We shared a common ancestor with SpongeBob SquarePants hundreds of millions of years ago, though exactly how long ago has been up for debate. Now, analyses of a newly discovered 600-million-year-old fossil suggests that sponge-like animals predate the Cambrian by 60 million years. And if an advanced sponge-like form was already around during the Precambian period, that means that similarly advanced fossils of our (very early) ancestors from that long ago are also waiting to be found. The findings were published in Proceedings of the National Academy of Sciences this week.
Previous studies have suggested that the last common ancestor shared by animal sponges and almost all other animals—called eumetazoans, which includes people and clams alike—existed more than 200 million years before the Cambrian period began around 541 million years ago. Unfortunately, unequivocal fossil evidence of this common ancestor is scant. Researchers have, however, recently unearthed a new fossil animal from the Upper Phosphate Member of the Doushantuo Formation at Weng’an phosphate mining area in southwest China.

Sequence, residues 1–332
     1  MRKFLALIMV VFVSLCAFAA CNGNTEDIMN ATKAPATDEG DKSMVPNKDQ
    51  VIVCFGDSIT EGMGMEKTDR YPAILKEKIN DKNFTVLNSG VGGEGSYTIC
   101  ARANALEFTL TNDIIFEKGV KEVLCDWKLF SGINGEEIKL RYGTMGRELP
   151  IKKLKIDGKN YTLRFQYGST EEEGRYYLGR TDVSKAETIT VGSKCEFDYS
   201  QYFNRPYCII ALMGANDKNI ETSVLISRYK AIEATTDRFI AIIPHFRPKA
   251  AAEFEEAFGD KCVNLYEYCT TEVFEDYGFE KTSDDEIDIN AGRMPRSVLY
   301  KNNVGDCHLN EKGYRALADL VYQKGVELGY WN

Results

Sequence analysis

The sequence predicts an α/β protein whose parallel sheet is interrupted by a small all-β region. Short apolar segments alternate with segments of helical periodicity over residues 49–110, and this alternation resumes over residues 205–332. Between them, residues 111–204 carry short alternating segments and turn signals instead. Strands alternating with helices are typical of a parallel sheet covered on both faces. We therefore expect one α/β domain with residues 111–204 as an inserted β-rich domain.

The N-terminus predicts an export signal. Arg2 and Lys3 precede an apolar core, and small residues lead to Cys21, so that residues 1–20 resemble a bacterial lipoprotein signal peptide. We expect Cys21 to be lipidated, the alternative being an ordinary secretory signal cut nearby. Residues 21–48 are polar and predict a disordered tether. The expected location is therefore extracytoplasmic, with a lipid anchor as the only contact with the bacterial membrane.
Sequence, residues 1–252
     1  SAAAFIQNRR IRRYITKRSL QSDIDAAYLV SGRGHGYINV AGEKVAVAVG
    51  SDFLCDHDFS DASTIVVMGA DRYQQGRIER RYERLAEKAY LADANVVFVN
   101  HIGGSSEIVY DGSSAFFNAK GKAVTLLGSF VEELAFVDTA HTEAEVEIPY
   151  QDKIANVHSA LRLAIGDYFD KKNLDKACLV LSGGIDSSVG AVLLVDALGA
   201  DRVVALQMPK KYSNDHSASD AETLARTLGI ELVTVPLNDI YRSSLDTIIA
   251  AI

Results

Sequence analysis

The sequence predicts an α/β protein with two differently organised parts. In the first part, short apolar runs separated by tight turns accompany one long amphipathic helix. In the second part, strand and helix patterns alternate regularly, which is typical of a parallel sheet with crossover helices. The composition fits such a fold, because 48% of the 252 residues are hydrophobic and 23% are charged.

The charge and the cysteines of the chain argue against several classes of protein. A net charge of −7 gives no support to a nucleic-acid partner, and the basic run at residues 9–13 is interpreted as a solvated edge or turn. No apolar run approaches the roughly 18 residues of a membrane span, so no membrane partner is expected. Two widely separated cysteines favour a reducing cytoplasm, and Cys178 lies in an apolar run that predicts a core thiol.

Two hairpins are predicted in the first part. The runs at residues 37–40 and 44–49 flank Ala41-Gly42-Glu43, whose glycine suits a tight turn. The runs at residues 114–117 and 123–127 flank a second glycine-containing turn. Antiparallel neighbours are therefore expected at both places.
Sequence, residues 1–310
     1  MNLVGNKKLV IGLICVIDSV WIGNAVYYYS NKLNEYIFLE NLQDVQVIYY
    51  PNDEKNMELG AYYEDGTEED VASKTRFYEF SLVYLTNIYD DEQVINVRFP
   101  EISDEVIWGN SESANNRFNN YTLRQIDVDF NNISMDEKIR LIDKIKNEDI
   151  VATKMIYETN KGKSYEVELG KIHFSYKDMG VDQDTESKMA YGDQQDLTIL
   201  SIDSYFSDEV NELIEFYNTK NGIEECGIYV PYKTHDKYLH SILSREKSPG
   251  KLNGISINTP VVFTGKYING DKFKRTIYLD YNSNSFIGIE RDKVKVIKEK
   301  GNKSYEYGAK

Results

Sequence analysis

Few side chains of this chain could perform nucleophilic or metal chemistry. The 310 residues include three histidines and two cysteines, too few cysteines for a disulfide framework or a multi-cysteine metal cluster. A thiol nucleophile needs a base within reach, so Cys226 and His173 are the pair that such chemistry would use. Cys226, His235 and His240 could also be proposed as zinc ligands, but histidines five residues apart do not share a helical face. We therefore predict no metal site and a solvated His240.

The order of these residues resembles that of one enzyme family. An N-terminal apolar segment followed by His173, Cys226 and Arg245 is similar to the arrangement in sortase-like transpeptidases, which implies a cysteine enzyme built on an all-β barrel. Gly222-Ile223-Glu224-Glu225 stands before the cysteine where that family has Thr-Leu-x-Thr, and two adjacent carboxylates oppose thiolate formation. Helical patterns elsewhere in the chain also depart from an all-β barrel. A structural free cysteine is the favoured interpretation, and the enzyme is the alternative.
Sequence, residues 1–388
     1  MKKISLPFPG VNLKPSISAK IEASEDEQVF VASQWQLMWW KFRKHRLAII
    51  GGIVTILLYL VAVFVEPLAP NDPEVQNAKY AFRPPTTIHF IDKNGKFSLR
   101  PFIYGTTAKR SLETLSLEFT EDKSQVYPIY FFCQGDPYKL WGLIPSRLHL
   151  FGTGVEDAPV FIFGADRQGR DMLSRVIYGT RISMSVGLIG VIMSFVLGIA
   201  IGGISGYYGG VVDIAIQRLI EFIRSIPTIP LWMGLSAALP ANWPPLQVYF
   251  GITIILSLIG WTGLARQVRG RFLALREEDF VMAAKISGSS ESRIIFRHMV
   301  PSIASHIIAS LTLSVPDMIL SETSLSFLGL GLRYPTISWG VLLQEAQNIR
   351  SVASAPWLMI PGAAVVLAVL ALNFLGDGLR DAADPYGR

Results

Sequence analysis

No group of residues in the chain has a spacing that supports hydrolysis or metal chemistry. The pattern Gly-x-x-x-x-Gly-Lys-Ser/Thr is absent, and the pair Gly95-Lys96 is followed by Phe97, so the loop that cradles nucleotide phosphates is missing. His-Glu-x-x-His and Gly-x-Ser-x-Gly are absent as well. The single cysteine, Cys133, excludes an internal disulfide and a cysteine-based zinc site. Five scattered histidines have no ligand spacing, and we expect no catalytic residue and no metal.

Using scanning electron microscopy and synchrotron X-ray tomography, an international team led by Maoyan Zhu from the Chinese Academy of Sciences has now analyzed the fossil, which they say is a Precambrian sponge.
Named Eocyathispongia qiania, the fossil animal is just 1.2 millimeters wide and 1.1 millimeters tall. It’s composed of hundreds of thousands of cells, its structure consists of three adjacent hollow tubes that share a common base, and it displays multiple characteristics seen in today’s sponges. They have flat, tile-like cells on their outside surface, which is punctuated with small pores, while their inner surface is covered with a regular pattern of uniform pits, many of which are surrounded by distinct collars. The flat cells and collared pits resemble pinacocytes and choanocytes on modern sponges, respectively. Other features consistent with modern sponge anatomy include an anchor akin to a holdfast and orifices for water to flow in and out.
Additional specimens are needed to confirm that Eocyathispongia qiania is in fact a Precambrian sponge. But if advanced forms of sponges were already alive 600 million years ago, our shared ancestor surely predates that—which means that fossils of similarly advanced eumetazoans may be waiting to be added to the fossil record.